Salt at 0.5 to 0.6 percent ponds with aquatic plants is the magic number. or excess algae should never Maintaining this level of salt exceed 0.15 percent. two weeks directly prevents You will find that a 0.5 the occurrence of parasites percent salt level is recomlike Ichthyophthirius (“Ich”) mended in most Japanese and Chilodonella. But the books about koi disease. It main benefit of salt at this must be noted that in the concentration is its role as a first few weeks of quaranhuge stress reliever. It helps tine, we are using salt at 0.5 the gills regain normal funcpercent instead of a formation. Excess mucus produclin-malachite green mixture, tion in the gills is common in because the salt by itself new arrivals due to the stress treats many of the same paraof shipping. This excessive sites that the formalin-malaQuarantine tanks should be established and stable ecosystems that are large enough to mucus can interfere with the chite green will treat. During hold your new arrivals safely. fish’s ability to respire and the first 10 to 14 days, I reduces the osmotic differential at the gills, osmoregulate. Excess mucus in the gills is am more concerned with the stress level which helps the fish to regain strength. Salt of the koi and the function of the gills. also a breeding ground for parasites like is not a cure-all, but it is a wonderful tool It is not recommended to mix salt with Trichodina and Costia and pathogenic bacteria, which feed on the mucus. The salt that, when used correctly, can be a great formalin, because this combination can be basically dries out the excess mucus, which help to dealers in the controlled environ- too harsh. Keep in mind that neither the ment of their shops. This level of salt in a salt nor the formalin-malachite green will helps to control some of these parasites. During times of stress, the gills’ ability hobbyist’s pond could be disastrous if filled treat every possible bug, such as flukes. to osmoregulate is also impaired. The salt with aquatic plants and algae. Salt levels in We always treat for flukes with a specific
POND Trade Magazine
fluke medicine. As with most things, you must decide which treatment is the most appropriate to use at the time.
Quarantine Protocol The day of the new shipment, we adjust the pH to 7.0 before adding the fish. It should also be noted that the water temperature should be above 60 degrees, and preferably 65 to 75 degrees. For the first two days, the koi are kept covered, with lighting subdued. Just let them rest; do not feed them. Observe their behavior and check for mortalities. On the third day, inspect the koi more closely for outward signs of disease or pathogens, like raised scales, sunken eyes, listlessness, jumping or flipping, head or tail standing and fast gill movements. Typically we do not see many problems within the first three days, assuming the shipper did their part in preventive treatment. The koi are usually really hungry at this point, but I suggest light feeding. Odds are, they have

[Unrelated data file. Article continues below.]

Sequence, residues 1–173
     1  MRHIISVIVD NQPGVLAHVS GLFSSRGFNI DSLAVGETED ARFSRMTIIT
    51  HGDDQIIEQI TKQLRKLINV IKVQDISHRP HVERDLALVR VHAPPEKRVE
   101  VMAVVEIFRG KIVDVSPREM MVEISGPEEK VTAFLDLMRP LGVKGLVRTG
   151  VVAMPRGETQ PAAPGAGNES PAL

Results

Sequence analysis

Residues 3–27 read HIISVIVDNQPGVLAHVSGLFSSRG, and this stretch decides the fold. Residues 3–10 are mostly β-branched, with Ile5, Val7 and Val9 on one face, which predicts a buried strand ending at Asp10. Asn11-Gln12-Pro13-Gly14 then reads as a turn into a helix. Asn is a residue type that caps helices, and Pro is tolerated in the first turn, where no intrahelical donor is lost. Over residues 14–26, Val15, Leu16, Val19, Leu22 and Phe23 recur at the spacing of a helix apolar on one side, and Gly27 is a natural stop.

gone without food since a few days before shipping, so their guts cannot take on a big load of food just yet. On the fourth and fifth days, we dose with Chloramine-T at 10 ppm. The dose depends on pH and hardness. Chloramine-T works well with the salt
monitor the water quality. Make sure to keep the koi on the hungry side during this period. On Days 5 to 6, we dose with a fluke medicine. Gill and body flukes are very common and are resistant to medications. They must be treated again regardless of
Doses of Chloramine-T with Respect to Water pH and Hardness pH
Soft Water Dose (mg/l)
Hard Water Dose (mg/l)
6.0 7.0 7.5 8.0
and will further reduce excess mucus on the body and in the gills. This helps bring down the bacteria count in the water and acts as a bit of a sanitizer. This treatment is optional, but it can be very helpful, and it helps enhance subsequent treatments. Slowly increase the amount of food, and
Modified from Debuf, 1991
any previous treatments by the shipper. Praziquantel and flubendazole both work well. Light feedings should continue. Between the seventh and 10th days, feeding can increase. Look over all the fish for disease. Itâ€™s extremely important to take mucus samples from several
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koi and study them under a microscope. By this time, a parasite that avoided the salt, Chloramine-T and fluke medicine will show up on the scope. If your salt was maintained between 0.5 and 0.6 percent, you should not see Ich or Chilodonella. However, you may still find flukes. Flukes will require a second dose during this period. If possible, take blood samples from each batch of koi and run a KHV ELISA test. Note that parasites like Costia or Trichodina can be resistant to these medicines. These two potential pathogens are often considered commensal, meaning they are always present on fish but held in check by clean, stable conditions. They can grow out of control, especially in water temperatures below 65 degrees and in crowded, dirty water with low oxygen. If these parasites show up, correct any environmental problems and control this issue with potassium permanganate at 2 to 5 ppm. Finally, during the last four days of the twoweek period, treat with another dose of fluke medicine.
If your koi look good at this point, the preventive quarantine treatment is finished. Wait for the KHV tests to come back, and assuming the results are negative, you can release the fish for sale. The total quarantine period is typically three to four weeks.